It’s not yet clear if the latest round of talks with the international oil companies will offer a way out of the prolonged deadlock with the government that arose over a proposed bill to reform the way the industry is funded and regulated, first sent to lawmakers in 2008. The major difference was over the fiscal terms governing the offshore fields, where the government wanted a greater share of revenue.
“There’s too much uncertainty and that would be made worse by the government trying to renegotiate these contracts,” Raj Kulasingam, a London-based lawyer covering energy at Dentons UKMEA LLP, said by phone on Thursday. “The only time the government is able to get something out of these negotiations is if there’s a win-win for both.”
While the bill was stalled in parliament in the past seven years, investments worth more than $50 billion that should’ve come to Nigeria went elsewhere amid the uncertainty, according to Shell. As much as $150 billion in investments could be lost in 10 years and output might decline by 25 percent, according to the Oil Producers Trade Section of the Lagos Chamber of Commerce, which represents oil companies in Nigeria.
Drilling for exploration in Nigeria is close to the lowest in more than a decade because of shelved investment plans, according to the Petroleum Ministry.
The last draft sent to lawmakers in 2011 seeks to raise offshore taxes to 73 percent and those for onshore to 87 percent. Two previous drafts sent to parliament didn’t become law during the tenure of the last two legislatures due to political wrangling and opposition from energy producers.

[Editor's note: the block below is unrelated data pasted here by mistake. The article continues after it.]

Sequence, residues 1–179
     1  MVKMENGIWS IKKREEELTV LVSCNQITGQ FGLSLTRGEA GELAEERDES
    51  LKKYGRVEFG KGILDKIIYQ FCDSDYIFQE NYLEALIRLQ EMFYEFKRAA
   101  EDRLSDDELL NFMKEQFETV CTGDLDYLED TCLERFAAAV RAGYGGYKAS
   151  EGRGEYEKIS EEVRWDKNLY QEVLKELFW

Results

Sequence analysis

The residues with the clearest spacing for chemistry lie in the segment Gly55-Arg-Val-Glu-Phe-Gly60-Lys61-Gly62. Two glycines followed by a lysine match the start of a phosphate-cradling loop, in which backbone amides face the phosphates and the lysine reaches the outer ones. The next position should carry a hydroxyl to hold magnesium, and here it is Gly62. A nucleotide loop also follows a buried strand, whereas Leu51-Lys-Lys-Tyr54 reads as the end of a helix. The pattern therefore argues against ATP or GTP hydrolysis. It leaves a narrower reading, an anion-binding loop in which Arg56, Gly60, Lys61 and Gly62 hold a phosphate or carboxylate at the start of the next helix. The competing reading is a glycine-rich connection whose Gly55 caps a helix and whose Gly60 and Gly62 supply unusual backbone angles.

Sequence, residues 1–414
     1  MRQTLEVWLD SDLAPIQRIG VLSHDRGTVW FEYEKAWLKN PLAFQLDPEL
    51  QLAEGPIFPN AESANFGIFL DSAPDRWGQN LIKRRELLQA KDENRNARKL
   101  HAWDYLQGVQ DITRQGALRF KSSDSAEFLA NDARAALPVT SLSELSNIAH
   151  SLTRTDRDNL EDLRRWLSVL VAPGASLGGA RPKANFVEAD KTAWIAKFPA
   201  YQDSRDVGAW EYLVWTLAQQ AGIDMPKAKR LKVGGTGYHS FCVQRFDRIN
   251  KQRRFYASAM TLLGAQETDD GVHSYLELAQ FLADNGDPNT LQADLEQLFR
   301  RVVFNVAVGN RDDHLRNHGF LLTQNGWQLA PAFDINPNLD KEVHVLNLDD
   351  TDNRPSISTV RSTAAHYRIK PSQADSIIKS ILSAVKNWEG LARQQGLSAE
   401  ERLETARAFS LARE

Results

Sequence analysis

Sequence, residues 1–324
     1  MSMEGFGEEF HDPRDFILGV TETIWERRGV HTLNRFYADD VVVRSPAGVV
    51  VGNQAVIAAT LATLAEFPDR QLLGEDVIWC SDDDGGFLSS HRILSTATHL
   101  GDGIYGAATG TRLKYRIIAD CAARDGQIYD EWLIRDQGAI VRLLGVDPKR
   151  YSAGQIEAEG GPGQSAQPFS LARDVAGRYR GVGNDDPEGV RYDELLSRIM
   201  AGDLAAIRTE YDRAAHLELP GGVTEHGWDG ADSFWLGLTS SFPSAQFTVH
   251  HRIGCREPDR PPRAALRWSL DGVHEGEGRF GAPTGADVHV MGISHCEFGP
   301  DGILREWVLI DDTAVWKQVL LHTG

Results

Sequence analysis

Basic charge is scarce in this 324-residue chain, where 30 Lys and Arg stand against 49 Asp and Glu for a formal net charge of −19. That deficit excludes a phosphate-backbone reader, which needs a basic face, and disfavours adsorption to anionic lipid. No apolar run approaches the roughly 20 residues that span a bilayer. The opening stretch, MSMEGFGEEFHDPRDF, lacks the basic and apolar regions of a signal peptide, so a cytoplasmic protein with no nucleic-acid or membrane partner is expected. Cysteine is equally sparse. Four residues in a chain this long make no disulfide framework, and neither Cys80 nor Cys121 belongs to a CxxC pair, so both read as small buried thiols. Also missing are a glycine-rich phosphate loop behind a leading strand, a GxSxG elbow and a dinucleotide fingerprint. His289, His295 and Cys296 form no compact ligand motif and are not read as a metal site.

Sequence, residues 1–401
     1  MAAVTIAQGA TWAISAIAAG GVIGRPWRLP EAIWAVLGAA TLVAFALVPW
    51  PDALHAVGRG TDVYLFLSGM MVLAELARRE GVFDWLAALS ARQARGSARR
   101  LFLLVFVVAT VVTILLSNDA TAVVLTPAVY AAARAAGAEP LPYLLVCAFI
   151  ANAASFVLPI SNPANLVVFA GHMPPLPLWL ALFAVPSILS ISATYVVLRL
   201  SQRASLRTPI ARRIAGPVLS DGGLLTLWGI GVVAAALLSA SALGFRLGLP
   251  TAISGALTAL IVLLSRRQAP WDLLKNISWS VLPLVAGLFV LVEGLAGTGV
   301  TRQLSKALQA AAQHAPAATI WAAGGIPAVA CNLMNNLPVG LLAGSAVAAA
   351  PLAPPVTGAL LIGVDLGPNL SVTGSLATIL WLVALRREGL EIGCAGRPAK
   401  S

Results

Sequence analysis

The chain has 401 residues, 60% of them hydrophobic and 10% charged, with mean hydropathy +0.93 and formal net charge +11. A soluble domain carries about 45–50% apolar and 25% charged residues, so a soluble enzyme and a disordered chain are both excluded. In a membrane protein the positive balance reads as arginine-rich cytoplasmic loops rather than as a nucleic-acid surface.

Favorable fiscal terms had encouraged Shell to lead deep-water oil exploration in Nigeria, resulting in the 1995 discovery of the Bonga field, located 120 kilometers (75 miles) offshore. With reserve estimates of about 1 billion barrels, it has capacity for 220,000 barrels daily, pumping into a floating production, storage and off-loading vessel moored in the sea.
Other discoveries quickly followed Bonga, confirming the prodigious prospects of the Gulf of Guinea, helping spur a movement to offshore oil in Nigeria at a time of rising unrest and armed militancy in the Niger River delta that imperiled onshore production. Shell, the largest producer in Nigeria, has since sold most of its onshore fields that were plagued by theft, sabotage and insecurity.
The international oil companies concerned have already begun discussions with the NNPC, which represents the government, according to Osagie Okunbor, Shell Nigeria chairman. Ogechukwu Udeagha, a spokesman for Exxon Mobil’s Nigerian unit in Lagos, declined to comment when contacted by Bloomberg. Chevron, Total and Eni officials didn’t immediately respond to e-mailed requests for comment.
None of the parties involved in the negotiations “wants to see this have an adverse impact on investments,” Okunbor said in Abuja on Sept 30. “So we will look at these clauses and then we will take a position. I don’t think that we should begin to see it at this stage as win and lose.”